Virginius Island is a small 12 acres island, on the Shenandoah River in Harpers Ferry, West Virginia. The island was created by the Shenandoah Canal, constructed by the Patowmack Company between 1806 and 1807. It is right next to the town of Harpers Ferry. There are no remaining buildings but the ruins of the mills, foundries, factories and homes are marked and can be seen on the lovely walking paths which meader through the ruins and along the beautiful Shenandoah River.
Virginius Island used to be a thriving industrial town in the first half of the nineteenth century. The Shenandoah River was the power source to operate machinery in the cotton mill, four mill, sawmill, iron foundry, tannery, rifle factory, machine shop In 1850 over 180 people resided in twenty different houses. You can still see the tracks of the Winchester and Potomac Railroad which runs right through the island The CSX trains still run every day. The Baltimore and Ohio Railroad joined Harpers Ferry with Baltimore and Washington.
The town suffered greatly during the Civil War (1861-1865) The rifle factory and some of the mills were destroyed. The attack by John Brown on the Harpers Ferry Armory also added to the decline. Many people feared this location and left for safer places. After the war the older water power mills had competition from the new steam-powered industry. In 1936 another terrible tragedy struck. It was the worst recorded flood which overtook the entire Harpers Ferry area. This was the last straw and the remaining islanders left again, never to return.
I have been coming to Harpers Ferry for most of my adult life. My mother in law owned a motel called the Hillside Motel in Knoxsville, MD just a stone throw away from Harper’s Ferry and we would always go over to Harpers Ferry for hiking, picnicking and enjoying the gorgeous landscape. In all those years, I never knew about Virginius Island. Love stumbling on to a surprise place like this.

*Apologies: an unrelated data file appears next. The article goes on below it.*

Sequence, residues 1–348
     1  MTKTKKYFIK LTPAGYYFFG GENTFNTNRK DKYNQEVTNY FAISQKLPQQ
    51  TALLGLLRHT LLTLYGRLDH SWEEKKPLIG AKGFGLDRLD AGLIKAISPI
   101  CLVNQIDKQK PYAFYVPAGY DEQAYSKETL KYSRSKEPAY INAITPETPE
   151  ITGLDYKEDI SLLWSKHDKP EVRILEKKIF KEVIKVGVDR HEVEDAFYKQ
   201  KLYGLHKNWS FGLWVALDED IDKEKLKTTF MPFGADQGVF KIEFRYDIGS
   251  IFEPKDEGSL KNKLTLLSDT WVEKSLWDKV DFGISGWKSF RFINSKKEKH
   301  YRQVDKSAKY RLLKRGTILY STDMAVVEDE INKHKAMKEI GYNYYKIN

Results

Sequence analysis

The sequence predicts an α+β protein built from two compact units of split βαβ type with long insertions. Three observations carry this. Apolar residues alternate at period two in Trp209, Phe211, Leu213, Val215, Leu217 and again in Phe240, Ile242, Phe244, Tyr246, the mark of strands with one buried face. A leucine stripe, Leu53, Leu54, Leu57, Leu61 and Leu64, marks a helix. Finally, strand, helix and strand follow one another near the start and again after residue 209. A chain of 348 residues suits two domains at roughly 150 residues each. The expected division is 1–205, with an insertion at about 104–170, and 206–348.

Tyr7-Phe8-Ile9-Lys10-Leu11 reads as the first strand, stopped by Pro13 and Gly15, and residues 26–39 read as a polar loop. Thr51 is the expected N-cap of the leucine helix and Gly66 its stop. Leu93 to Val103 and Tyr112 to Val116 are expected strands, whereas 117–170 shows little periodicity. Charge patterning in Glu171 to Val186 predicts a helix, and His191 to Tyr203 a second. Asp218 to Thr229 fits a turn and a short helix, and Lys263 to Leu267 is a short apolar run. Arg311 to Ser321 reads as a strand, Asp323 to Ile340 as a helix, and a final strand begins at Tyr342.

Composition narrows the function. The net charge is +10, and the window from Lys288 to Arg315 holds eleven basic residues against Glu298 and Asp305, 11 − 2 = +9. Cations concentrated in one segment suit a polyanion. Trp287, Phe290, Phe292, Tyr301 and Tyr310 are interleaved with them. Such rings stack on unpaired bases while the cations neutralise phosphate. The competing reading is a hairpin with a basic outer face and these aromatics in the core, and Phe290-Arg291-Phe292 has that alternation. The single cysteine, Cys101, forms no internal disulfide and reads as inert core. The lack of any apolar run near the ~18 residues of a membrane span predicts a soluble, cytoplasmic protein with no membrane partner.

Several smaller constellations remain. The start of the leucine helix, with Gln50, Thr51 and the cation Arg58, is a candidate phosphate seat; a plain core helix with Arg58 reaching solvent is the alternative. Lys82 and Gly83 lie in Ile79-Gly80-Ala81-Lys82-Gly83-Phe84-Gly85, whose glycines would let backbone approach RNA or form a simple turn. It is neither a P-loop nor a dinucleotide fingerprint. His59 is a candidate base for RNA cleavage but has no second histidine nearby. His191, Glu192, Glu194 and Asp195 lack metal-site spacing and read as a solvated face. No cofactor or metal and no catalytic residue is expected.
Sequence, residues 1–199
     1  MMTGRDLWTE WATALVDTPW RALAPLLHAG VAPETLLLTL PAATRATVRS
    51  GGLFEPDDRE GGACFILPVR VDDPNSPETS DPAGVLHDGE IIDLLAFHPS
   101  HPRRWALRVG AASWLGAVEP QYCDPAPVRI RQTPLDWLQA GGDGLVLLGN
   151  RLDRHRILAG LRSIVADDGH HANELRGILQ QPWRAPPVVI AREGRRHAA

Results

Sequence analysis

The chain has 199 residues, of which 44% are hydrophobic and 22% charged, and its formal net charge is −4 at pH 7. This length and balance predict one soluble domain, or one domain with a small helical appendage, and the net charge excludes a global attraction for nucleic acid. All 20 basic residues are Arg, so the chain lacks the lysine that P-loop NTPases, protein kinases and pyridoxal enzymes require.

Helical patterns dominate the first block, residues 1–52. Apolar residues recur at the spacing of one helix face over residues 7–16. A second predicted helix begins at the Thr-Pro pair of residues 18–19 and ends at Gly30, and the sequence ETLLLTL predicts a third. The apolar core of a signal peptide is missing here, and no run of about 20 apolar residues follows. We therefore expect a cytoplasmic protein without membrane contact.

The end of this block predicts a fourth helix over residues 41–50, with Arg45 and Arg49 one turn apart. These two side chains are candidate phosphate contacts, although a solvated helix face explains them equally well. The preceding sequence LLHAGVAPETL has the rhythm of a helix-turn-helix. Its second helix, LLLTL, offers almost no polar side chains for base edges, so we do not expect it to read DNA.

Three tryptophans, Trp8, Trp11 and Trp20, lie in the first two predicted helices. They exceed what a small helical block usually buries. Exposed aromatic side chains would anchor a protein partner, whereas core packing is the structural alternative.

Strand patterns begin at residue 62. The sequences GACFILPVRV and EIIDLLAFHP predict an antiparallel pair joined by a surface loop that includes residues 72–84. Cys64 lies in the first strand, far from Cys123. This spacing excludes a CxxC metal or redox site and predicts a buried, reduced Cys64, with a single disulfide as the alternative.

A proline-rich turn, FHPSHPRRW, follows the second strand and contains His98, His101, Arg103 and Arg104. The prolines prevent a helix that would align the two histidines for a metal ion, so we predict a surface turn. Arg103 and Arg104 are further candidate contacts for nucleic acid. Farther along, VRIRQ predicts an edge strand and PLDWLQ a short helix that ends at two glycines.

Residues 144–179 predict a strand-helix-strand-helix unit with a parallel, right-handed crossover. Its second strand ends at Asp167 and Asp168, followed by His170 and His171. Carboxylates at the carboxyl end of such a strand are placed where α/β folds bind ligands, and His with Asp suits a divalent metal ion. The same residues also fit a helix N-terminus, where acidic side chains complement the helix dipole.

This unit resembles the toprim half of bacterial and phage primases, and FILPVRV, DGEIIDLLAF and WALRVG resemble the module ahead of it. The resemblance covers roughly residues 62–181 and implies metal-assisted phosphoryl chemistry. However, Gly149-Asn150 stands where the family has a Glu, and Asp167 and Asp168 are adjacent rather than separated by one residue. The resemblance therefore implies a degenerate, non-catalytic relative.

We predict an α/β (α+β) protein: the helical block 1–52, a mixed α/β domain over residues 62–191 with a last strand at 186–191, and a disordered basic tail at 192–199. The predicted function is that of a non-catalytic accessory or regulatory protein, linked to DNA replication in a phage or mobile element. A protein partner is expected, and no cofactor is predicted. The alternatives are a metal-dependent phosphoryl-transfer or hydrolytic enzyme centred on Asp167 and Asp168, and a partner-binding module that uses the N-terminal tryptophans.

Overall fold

I plan to do several paintings here. This is the first one. It is a view of the canal and the ruin of an old mill factory.
I knew this little drawing could be developed into a strong composition. I like the contrast of the rock formations along the canal and the remains of the old mill against the lovely backdrop of sycamore trees.
In the middle of the painting. Sustained paintings have a whole different temperament. The working method is much more thoughtful and deliberate. When painting outside I usually have a real conversation with the elements, i.e. the changing light is always problematic. The color also changes but even when using a drawing and a photo and my memory I can pick up on certain elements that do not change. Mostly the composition. the hard diagonals and triangular form of the stone wall are anchors and I welcome the stability and play this off of the soft distant hues of the trees and beautiful curving and sweeping up from the canal to the plane of land.
At this point the composition is well established. The value is set with the darker areas and high contrast in the foreground. I have taken pains to draw in the trees which weave in and out of the atmospheric background. Trying to see them as units instead of individual trees.